Stack Overflow is a community of 4.7 million programmers, just like you, helping each other.

Join them; it only takes a minute:

Sign up
Join the Stack Overflow community to:
  1. Ask programming questions
  2. Answer and help your peers
  3. Get recognized for your expertise

I'm trying to build a component for application level (java/java ee) logging using log4j.where i can create the jar of the component and put it in class path of any application and use it. Below approach i have followed

  1. I override log method like debug , trace, info etc.

  2. single and multiple argument substutution e.g. MessageFormatter.format("Hi {}. My name is {}.", "Alice", "Bob"); will return the string "Hi Alice. My name is Bob.".

  3. say for example for trace message

    public boolean isTraceEnabled() {  return logger.isTraceEnabled();}
    public void trace(String msg, Throwable throwable, Object... args) {
    private void log(boolean isEnabled, Throwable throwable, String msg,Object... args)
            String message=MessageFormatter.getFormattedMessage(throwable);//Formated the exception message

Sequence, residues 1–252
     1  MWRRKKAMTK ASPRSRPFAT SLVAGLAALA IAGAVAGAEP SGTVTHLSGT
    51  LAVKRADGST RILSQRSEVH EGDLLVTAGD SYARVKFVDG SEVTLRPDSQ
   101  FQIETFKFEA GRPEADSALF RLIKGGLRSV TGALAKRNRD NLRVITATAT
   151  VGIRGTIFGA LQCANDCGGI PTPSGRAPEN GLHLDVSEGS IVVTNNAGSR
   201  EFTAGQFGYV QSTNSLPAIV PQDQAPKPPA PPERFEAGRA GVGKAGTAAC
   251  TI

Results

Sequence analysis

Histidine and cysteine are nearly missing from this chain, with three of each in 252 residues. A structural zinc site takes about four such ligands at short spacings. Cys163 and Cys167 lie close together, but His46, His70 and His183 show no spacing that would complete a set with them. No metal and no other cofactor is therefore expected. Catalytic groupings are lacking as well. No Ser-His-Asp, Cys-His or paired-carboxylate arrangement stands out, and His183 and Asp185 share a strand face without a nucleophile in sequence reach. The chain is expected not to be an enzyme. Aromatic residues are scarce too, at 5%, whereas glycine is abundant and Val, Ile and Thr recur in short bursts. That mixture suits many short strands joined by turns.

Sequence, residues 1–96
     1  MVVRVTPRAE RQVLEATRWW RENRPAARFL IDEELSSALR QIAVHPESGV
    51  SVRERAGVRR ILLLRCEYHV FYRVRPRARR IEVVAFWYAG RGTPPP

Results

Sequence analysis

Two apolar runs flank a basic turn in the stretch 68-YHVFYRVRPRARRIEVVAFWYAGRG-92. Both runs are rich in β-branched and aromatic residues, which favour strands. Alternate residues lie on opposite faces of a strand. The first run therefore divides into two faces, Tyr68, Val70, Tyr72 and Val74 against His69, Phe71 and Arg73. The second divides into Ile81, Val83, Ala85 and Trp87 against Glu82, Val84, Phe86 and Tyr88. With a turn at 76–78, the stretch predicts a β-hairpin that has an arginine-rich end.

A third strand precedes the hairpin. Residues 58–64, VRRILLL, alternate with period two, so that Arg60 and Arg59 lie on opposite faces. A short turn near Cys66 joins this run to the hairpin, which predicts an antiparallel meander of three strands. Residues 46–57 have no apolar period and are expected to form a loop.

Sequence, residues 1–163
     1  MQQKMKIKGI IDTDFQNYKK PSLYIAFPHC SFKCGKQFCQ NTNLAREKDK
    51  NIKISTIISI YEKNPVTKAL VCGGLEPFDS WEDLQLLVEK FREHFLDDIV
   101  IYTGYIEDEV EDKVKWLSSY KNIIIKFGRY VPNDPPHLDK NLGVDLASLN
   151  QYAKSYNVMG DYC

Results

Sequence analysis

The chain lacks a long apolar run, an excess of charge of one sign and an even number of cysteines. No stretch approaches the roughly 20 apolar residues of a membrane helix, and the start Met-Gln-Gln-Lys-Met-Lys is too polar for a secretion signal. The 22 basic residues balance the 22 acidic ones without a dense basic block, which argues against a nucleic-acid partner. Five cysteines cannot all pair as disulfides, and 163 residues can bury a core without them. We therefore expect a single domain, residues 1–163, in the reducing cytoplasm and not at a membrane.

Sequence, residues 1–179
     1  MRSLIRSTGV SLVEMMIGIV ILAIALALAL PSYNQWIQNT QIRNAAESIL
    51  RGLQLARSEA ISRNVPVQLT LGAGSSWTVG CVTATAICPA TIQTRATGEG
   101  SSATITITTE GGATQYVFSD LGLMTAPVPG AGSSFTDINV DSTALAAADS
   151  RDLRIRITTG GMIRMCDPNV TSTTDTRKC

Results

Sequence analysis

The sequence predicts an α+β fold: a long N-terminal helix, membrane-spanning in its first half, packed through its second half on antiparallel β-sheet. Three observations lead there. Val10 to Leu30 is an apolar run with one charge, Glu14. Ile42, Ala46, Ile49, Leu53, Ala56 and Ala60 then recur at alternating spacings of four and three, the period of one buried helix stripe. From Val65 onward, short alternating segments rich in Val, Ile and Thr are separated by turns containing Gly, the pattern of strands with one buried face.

if (args == null || args.length == 0) {
                logger.log(FQCN,LEVELmsg, throwable);
            } else {
                if (isEnabled) {
                    String formattedMsg = MessageFormatter.arrayFormat(msg, args);//single and multiple argument substutution 
                    logger.log(FQCN, UtilConstant. Level.TRACEformattedMsg, throwable);

My aim is to build the component which can cater all the Java EE applications. Is that two approach sufficient or I need to do more on that. Please help.

share|improve this question
What does this do that log4j (or slf4j or others) do not already do? – Thilo Dec 19 '11 at 7:43

It seems to me you're reinventing the wheel. Check out the SLF4J, it can do the things that you're aiming to implement, and it shields you from underlying messaging system, which you can change at any time (it works with log4j out of the box, too).

share|improve this answer

Your Answer


By posting your answer, you agree to the privacy policy and terms of service.

Not the answer you're looking for? Browse other questions tagged or ask your own question.